Colley Billie Wins Re-Election as Miccosukee Chairman
Miccosukee Tribe Chairman Colley Billie won re-election as head of the tribe Sunday, according to Houston Cypress, a producer for film, television and video for the tribe. Billie beat his predecessor Billy Cypress, who had returned to run for the top spot again.
Houston Cypress said that just under 300 members turned out to vote in elections that are held every four years for five positions. Officially, the tribe has 598 members, many too young to vote.
Asked what issues the new administration will face, Houston Cypress said, "I think it's just an ongoing matter of asserting, of maintaining, and protecting our sovereignty. Whether it's environmental protection or cultural preservation -- sovereignty is the foundation for our work. That's true for tribes across Native American cultures. Once that foundation is in place, we can focus on language, education, land and water issues -- but sovereignty is always the basis. There are a lot of threats from it."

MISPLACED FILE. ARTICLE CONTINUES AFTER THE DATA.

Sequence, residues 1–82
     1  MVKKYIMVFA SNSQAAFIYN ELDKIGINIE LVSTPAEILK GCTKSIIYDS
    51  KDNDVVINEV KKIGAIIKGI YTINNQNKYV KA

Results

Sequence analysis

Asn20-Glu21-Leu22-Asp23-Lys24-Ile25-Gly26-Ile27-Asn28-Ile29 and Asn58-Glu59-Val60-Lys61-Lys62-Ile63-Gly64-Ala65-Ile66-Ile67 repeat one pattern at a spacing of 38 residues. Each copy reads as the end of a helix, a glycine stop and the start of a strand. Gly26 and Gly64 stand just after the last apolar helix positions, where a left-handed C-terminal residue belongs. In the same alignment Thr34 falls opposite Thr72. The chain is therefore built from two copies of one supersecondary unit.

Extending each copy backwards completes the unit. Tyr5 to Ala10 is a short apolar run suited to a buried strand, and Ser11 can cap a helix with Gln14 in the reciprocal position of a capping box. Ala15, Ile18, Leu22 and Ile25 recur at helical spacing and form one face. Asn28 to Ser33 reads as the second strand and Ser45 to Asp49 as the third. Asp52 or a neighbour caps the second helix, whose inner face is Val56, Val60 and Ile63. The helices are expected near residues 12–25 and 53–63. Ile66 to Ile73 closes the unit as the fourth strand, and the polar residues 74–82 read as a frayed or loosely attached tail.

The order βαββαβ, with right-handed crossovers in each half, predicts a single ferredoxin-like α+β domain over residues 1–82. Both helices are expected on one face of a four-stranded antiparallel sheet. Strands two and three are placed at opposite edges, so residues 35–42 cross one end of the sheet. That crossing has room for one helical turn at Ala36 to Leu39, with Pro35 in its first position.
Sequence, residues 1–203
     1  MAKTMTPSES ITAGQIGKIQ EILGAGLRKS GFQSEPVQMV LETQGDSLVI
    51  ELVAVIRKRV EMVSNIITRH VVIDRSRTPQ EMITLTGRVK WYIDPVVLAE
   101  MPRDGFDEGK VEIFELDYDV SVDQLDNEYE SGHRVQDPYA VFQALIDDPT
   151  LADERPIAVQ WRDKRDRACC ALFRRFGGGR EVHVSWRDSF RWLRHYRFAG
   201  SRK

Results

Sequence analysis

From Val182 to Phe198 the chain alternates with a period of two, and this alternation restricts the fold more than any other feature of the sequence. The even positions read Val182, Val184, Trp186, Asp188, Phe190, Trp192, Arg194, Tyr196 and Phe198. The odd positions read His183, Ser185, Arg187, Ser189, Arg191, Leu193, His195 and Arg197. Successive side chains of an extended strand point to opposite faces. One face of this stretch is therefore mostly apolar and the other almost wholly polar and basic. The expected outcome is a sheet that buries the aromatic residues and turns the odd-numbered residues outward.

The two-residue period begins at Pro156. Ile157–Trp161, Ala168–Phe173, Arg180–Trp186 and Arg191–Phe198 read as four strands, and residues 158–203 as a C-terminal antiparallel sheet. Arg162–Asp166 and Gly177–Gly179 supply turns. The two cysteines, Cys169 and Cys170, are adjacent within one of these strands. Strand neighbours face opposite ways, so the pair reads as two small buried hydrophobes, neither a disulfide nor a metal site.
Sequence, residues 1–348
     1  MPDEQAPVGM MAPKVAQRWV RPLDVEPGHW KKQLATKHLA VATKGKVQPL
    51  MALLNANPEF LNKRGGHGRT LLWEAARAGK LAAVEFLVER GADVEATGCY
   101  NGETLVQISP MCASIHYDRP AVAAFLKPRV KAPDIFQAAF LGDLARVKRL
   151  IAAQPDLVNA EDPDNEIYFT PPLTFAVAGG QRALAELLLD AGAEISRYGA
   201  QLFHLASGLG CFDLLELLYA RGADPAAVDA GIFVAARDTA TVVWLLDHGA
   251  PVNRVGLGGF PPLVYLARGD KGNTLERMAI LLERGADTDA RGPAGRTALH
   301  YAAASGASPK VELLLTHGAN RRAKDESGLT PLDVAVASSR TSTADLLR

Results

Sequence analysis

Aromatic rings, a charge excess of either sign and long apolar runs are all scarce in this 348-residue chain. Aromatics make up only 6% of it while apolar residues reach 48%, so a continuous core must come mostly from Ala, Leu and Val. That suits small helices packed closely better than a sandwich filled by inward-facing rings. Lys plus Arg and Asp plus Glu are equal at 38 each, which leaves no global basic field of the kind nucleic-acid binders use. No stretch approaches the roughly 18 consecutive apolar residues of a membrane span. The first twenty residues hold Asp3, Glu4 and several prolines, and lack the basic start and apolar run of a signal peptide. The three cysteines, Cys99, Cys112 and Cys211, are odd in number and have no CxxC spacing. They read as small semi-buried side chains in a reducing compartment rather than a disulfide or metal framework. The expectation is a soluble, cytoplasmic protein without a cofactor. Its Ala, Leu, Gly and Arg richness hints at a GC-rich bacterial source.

For instance, "in the Everglades," Cypress said, the U.S. government has " a responsibility to maintain its promises to us -- that often gets overlooked, whether its the Miccosukees' view at the science table, or the Tamiami Trail bridging -- laws were changed to get that project going."
Cypress noted that the current council will serve until the end of the year; a new council will be inaugurated at the beginning of the year.
Here are the election winners:
Chairman -- (incumbent) Collie Billie Assistant Chairman -- Roy Cypress Jr. Secretary -- Gabriel Osceola Treasurer -- (incumbent) Lucky Jerry Cypress Lawmaker -- (incumbent) William McKinley Osceola the Fourth
The IRS is currently battling the tribe, claiming it owes millions in back taxes generated by money from the Miccosukee Casino. Last week, Colley Billie was refusing to turn over documents related to Billy Cypress's income, and a U.S. judge was threatening him with fines.
Get the This Week's Top Stories Newsletter
Every week we collect the latest news, music and arts stories — along with film and food reviews and the best things to do this week — so that you’ll never miss New Times Broward-Palm Beach's biggest stories.